Drug Marketing Moves to Digital: How Pharmaceutical Companies Pitch Consumers Online

For the past 25 years, pharmaceutical companies have been permitted
to market their products directly to consumers. More recently, in the years following
the Food and Drug Administration’s relaxation of direct-to-consumer (DTC)
advertising guidelines in 1997, spending on such promotion grew more than six-fold,
reaching $5 billion by 2008.

In the traditional media of print and broadcast, those DTC ads come
with lots of fine print, including warnings of possible side effects that most
consumers. But now that ever-increasing
amounts of pharmaceutical marketing have moved online, there is another kind of
fine print—the truth about invasive and potentially misleading pharmaceutical
advertising—that consumers may never see at all.

The Center for Digital Democracy recently shared these concerns in a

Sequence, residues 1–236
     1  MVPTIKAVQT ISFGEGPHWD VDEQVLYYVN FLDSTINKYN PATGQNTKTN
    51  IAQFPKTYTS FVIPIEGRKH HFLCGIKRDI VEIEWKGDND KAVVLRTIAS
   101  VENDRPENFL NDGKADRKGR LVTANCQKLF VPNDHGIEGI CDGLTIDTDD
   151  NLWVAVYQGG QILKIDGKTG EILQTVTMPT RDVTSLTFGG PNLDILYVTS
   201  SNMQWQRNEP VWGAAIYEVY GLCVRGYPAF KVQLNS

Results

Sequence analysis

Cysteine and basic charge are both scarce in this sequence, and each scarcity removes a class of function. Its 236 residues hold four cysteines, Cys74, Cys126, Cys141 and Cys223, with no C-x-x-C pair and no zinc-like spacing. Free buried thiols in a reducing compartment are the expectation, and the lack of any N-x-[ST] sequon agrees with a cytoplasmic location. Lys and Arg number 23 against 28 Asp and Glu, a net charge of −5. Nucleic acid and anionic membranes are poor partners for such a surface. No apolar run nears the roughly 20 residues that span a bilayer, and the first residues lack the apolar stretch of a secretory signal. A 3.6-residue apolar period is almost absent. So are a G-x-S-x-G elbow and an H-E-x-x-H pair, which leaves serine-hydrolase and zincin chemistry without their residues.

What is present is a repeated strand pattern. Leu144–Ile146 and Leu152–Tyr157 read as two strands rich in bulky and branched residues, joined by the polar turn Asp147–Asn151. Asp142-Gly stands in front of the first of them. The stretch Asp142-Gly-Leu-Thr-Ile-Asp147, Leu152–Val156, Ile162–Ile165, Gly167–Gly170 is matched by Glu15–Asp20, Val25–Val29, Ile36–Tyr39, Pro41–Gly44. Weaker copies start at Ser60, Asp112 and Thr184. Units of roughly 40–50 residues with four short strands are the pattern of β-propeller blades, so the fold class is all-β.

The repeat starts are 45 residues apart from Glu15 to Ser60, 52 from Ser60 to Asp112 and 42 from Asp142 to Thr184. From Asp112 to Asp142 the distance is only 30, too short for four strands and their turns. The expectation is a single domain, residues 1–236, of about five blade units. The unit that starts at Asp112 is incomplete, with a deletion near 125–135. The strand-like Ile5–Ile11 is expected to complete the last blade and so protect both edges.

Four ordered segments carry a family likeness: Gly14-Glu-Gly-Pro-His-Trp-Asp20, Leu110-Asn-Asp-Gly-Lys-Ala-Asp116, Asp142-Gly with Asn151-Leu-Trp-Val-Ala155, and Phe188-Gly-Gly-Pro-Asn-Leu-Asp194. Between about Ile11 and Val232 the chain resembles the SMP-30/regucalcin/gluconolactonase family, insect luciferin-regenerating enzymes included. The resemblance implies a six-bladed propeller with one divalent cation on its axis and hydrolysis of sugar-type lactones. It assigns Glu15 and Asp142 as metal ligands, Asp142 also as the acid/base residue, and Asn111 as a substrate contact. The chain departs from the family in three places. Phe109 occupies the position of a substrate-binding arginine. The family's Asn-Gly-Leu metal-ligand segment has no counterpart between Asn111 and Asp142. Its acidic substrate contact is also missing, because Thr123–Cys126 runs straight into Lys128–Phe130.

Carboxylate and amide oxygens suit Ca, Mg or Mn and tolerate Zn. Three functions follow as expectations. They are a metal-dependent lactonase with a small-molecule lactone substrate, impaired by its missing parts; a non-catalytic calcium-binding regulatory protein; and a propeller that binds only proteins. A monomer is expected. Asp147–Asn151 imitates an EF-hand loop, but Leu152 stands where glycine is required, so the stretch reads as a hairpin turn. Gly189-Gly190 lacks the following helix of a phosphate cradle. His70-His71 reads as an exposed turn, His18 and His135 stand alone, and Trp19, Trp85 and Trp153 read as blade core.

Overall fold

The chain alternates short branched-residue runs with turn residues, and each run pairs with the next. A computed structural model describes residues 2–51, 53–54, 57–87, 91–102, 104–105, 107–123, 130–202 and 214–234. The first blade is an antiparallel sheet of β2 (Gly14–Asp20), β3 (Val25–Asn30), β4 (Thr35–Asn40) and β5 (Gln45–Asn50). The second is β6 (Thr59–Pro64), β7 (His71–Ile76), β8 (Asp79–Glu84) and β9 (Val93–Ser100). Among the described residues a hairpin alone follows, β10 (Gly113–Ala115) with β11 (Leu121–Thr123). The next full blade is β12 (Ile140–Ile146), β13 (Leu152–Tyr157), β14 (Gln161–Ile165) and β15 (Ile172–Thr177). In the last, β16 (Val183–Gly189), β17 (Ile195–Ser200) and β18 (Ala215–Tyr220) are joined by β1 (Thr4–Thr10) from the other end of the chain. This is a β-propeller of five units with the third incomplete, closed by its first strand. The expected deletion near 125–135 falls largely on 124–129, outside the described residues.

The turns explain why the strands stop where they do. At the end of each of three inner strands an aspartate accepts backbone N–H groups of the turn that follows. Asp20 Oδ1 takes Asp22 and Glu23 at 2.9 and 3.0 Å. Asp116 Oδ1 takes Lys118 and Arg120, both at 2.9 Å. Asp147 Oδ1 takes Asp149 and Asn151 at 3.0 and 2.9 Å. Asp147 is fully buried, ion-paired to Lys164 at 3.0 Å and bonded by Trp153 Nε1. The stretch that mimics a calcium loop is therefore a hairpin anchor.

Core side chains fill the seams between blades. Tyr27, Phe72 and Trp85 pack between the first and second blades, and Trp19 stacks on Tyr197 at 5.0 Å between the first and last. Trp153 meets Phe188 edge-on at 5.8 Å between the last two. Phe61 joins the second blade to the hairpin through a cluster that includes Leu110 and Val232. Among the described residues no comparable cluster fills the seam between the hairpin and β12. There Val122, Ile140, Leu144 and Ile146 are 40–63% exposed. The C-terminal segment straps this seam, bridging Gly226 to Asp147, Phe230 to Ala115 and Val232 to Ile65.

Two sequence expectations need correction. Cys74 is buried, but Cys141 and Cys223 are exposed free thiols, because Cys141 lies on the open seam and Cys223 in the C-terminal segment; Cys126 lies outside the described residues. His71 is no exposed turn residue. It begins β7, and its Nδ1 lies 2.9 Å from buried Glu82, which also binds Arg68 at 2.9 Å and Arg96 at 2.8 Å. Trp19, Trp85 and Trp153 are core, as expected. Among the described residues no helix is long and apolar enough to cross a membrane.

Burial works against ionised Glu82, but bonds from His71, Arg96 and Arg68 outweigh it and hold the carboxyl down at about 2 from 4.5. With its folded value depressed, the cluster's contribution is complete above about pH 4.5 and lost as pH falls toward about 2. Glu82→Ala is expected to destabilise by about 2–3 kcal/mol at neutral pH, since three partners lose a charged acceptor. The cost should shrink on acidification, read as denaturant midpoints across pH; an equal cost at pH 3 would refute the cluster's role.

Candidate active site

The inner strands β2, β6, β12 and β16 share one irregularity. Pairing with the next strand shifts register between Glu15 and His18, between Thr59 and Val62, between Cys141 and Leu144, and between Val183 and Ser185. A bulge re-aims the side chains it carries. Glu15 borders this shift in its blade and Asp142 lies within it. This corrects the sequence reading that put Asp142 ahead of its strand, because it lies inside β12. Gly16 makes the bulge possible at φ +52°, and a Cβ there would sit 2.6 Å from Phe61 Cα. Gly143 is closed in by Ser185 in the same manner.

formal filing to the FDA, the highlights of which follow:

1. Personal Data Collection and Privacy

pharmaceutical and health marketing companies have developed an extensive data
collection and interactive targeting apparatus. Few U.S. health consumers are
aware that they are being identified, labeled, profiled, and tracked on the
Internet while they search or access information on specific conditions or

2. “Condition” and
Behavioral Targeted Advertising

targeting enables health marketers to stealthily follow consumers online—sometimes
across many different websites—gathering details on their interests and
activities, and then offering them marketing messages precisely honed to their
behaviors related to an illness or condition. Digital marketers employ online
“ad networks” to help track and then target individual consumers seeking
health-related information. There are also a number of specialized health
portals and networks specifically created to target consumers based on particular
conditions or concerns.

3. Neuromarketing

It should perhaps come as no surprise that many of the companies
whose products are rooted in scientific research have turned to neuroscientific techniques in an effort